Here's my final self portrait after day 1 and day 2. I have another 2 weeks until due. It's coming quite fluidly, which is always unnerving. I have this idea to spend alternate days messing it up (drawing/painting whatever is in my head on the top layer) then the following day pulling the likeness back out so it's some balance of impulse/expression and reality. I enjoy the fight. Who knows if that'll work. A classmate mentioned that it looks like I'm a cub scout inside my little treehouse cabin, and she's 100% right on that - I'm thinking of fully embracing that and turning it into some regressive childhood thing.

so many me

first underpainting stage

and yes, I was a cubscout.

some more drawing

Hand studies, 6 from life. The second image is same model from last week, eye level at about her knees looking up. It's a great vantage point when you have a model with sort of a powerful body. We're just getting to the end of this exercise business and going into the end of term projects. It's going fast, in a week I'll be back in Seattle for Thanksgiving and in a month I'll be back there for the Christmas break. Naturally, all I want to do is work on some different art projects. (and maybe relax a little bit)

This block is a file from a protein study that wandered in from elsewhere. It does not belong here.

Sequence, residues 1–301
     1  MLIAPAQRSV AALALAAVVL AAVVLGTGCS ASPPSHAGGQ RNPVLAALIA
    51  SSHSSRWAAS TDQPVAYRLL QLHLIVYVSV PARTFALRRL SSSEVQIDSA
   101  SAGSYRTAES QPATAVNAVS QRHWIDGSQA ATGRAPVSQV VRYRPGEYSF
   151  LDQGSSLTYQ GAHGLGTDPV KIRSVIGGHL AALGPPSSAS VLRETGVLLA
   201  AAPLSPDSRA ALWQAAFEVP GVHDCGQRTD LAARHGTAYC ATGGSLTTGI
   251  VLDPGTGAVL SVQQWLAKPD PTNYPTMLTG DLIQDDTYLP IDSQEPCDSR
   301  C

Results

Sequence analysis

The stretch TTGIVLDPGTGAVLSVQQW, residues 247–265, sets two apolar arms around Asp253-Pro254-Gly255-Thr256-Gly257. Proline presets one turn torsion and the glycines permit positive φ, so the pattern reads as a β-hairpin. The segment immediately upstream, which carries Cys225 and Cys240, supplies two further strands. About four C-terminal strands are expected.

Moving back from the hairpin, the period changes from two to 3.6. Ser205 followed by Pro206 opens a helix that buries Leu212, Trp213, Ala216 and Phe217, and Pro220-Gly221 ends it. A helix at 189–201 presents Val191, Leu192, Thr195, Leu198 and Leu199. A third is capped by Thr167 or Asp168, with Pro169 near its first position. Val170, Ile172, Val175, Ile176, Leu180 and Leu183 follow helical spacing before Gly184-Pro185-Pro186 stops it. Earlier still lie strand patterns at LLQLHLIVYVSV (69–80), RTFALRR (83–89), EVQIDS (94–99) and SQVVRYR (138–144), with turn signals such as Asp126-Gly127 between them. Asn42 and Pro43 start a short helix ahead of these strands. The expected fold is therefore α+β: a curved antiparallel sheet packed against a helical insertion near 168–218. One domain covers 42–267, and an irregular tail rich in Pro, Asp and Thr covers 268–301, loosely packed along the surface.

Thursday, November 12, 2009

self portrait somewhat in the style of ...

An interesting exercise in painting class today: use the drawing from a black and white photo and paint in the color information using another artist's portrait as reference.

I referenced Ann Gale, off a 400 pixel image, and it was quite a mind-bending exercise holding the color in one part of the brain and the drawing in another, then combining the two ... a bit like an IQ test. I usually fall back on painting high chroma all the time and avoid green at all costs but here tried to embrace the mud, green, and muddy greens, then use the reds and cool lights to pull certain features forward.

Chromatically, it's very different from anything else I've done, and I'll definitely be pulling some of the new painting info into my arsenal.


self portrait closeup

Wednesday, November 11, 2009

studio business